War and Peace

Book IX, Chapters 21-23


After the definite refusal he had received, Petya went to his room and there locked himself in and wept bitterly. When he came in to tea, silent, morose, and with tear-stained face, everybody pretended not to notice anything.

Next day the Emperor arrived in Moscow, and several of the Rostovs' domestic serfs begged permission to go to have a look at him. That morning Petya was a long time dressing and arranging his hair and collar to look like a grown-up man. He frowned before his looking glass, gesticulated, shrugged his shoulders, and finally, without saying a word to anyone, took his cap and left the house by the back door, trying to avoid notice. Petya decided to go straight to where the Emperor was and to explain frankly to some gentleman-in-waiting (he imagined the Emperor to be always surrounded by gentlemen-in-waiting) that he, Count Rostov, in spite of his youth wished to serve his country; that youth could be no hindrance to loyalty, and that he was ready to... While dressing, Petya had prepared many fine things he meant to say to the gentleman-in-waiting.

It was on the very fact of being so young that Petya counted for success in reaching the Emperor--he even thought how surprised everyone would be at his youthfulness--and yet in the arrangement of his collar and hair and by his sedate deliberate walk he wished to appear a grown-up man. But the farther he went and the more his attention was diverted by the ever-increasing crowds moving toward the Kremlin, the less he remembered to walk with the sedateness and deliberation of a man. As he approached the Kremlin he even began to avoid being crushed and resolutely stuck out his elbows in a menacing way. But within the Trinity Gateway he was so pressed to the wall by people who probably were unaware of the patriotic intentions with which he had come that in spite of all his determination he had to give in, and stop while carriages passed in, rumbling beneath the archway. Beside Petya stood a peasant woman, a footman, two tradesmen, and a discharged soldier. After standing some time in the gateway, Petya tried to move forward in front of the others without waiting for all the carriages to pass, and he began resolutely working his way with his elbows, but the woman just in front of him, who was the first against whom he directed his efforts, angrily shouted at him:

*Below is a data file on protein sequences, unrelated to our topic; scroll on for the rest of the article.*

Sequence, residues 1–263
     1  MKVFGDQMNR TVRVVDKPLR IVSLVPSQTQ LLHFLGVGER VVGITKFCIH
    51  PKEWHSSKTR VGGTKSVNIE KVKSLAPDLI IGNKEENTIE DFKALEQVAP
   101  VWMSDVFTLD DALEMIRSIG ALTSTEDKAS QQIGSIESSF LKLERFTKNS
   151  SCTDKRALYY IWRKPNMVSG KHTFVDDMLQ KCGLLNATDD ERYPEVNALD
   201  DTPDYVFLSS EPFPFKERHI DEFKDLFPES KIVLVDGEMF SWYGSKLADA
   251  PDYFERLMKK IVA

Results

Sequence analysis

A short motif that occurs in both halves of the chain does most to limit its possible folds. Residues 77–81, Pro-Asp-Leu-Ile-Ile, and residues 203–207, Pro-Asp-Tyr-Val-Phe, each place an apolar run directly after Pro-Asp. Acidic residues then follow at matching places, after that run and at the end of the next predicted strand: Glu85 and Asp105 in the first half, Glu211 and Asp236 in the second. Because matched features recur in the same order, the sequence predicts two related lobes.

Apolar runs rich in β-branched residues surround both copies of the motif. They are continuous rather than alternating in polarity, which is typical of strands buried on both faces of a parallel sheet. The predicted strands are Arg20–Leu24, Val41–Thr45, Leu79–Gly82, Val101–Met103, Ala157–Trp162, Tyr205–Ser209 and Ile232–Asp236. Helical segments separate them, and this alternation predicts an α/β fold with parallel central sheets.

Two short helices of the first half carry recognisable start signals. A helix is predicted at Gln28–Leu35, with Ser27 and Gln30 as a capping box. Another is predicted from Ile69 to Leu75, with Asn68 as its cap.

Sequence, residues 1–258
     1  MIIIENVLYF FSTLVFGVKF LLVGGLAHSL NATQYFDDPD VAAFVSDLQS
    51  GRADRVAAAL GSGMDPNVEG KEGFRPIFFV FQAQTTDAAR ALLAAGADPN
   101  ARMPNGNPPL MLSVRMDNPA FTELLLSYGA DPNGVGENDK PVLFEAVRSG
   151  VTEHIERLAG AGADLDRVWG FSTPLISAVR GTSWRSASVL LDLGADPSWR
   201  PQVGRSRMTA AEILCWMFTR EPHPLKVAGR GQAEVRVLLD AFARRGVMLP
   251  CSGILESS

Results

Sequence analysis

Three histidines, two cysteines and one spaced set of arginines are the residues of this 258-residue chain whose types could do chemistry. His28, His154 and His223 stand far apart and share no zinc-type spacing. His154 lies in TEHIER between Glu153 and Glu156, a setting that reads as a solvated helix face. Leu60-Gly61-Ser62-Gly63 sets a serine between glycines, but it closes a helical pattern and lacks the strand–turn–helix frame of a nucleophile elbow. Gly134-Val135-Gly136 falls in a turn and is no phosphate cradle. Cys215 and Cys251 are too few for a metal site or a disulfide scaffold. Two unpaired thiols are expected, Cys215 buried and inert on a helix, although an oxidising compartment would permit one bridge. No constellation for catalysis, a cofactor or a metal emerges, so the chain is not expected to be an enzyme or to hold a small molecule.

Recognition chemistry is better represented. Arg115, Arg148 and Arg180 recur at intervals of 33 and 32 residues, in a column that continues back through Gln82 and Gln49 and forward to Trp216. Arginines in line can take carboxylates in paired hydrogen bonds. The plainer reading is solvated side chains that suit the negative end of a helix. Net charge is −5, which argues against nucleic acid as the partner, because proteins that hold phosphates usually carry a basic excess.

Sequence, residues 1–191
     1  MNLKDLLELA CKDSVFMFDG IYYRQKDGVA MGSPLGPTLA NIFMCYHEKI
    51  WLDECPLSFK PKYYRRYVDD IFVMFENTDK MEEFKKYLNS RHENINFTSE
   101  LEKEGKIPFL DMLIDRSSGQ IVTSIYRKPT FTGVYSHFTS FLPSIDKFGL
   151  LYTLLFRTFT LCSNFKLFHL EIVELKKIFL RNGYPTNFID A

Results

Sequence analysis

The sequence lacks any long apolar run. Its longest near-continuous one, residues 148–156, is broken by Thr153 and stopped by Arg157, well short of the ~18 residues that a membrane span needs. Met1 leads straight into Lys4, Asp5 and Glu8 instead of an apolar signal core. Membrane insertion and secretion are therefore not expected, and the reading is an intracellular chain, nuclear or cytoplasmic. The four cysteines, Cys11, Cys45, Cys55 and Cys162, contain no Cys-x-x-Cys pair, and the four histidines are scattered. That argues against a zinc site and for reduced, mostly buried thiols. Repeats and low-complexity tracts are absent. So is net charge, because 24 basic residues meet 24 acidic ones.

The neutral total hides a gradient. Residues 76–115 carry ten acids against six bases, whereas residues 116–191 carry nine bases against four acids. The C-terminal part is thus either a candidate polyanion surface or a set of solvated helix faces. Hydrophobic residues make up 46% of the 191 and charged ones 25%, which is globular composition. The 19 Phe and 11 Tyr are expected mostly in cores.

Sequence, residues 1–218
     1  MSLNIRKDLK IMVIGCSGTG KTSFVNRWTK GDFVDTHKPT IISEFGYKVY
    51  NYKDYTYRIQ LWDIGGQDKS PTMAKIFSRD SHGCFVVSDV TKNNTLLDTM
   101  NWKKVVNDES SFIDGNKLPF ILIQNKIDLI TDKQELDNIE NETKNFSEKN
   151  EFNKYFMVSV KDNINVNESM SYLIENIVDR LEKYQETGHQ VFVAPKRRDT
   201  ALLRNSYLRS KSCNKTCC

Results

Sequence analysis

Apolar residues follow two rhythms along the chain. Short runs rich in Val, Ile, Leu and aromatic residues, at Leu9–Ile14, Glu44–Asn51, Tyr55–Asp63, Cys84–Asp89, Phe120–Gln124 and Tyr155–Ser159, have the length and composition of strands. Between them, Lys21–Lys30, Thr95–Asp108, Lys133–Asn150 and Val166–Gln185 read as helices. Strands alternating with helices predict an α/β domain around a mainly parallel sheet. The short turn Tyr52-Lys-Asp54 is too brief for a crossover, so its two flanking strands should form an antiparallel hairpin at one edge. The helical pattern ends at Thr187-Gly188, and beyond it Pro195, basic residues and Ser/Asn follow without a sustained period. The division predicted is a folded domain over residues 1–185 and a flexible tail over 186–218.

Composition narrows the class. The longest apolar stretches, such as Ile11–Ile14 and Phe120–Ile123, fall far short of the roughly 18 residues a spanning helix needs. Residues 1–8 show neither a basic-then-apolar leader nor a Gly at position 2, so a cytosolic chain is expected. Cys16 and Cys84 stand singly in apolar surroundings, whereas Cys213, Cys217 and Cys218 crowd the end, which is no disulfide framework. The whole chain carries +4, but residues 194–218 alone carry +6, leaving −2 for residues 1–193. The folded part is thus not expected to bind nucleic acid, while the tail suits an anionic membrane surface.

"What are you shoving for, young lordling? Don't you see we're all standing still? Then why push?"

"Anybody can shove," said the footman, and also began working his elbows to such effect that he pushed Petya into a very filthy corner of the gateway.

Petya wiped his perspiring face with his hands and pulled up the damp collar which he had arranged so well at home to seem like a man's.

He felt that he no longer looked presentable, and feared that if he were now to approach the gentlemen-in-waiting in that plight he would not be admitted to the Emperor. But it was impossible to smarten oneself up or move to another place, because of the crowd. One of the generals who drove past was an acquaintance of the Rostovs', and Petya thought of asking his help, but came to the conclusion that that would not be a manly thing to do. When the carriages had all passed in, the crowd, carrying Petya with it, streamed forward into the Kremlin Square which was already full of people. There were people not only in the square, but everywhere--on the slopes and on the roofs. As soon as Petya found himself in the square he clearly heard the sound of bells and the joyous voices of the crowd that filled the whole Kremlin.

For a while the crowd was less dense, but suddenly all heads were bared, and everyone rushed forward in one direction. Petya was being pressed so that he could scarcely breathe, and everybody shouted, "Hurrah! hurrah! hurrah!" Petya stood on tiptoe and pushed and pinched, but could see nothing except the people about him.

All the faces bore the same expression of excitement and enthusiasm. A tradesman's wife standing beside Petya sobbed, and the tears ran down her cheeks.

"Father! Angel! Dear one!" she kept repeating, wiping away her tears with her fingers.

"Hurrah!" was heard on all sides.

For a moment the crowd stood still, but then it made another rush forward.

Quite beside himself, Petya, clinching his teeth and rolling his eyes ferociously, pushed forward, elbowing his way and shouting "hurrah!" as if he were prepared that instant to kill himself and everyone else, but on both sides of him other people with similarly ferocious faces pushed forward and everybody shouted "hurrah!"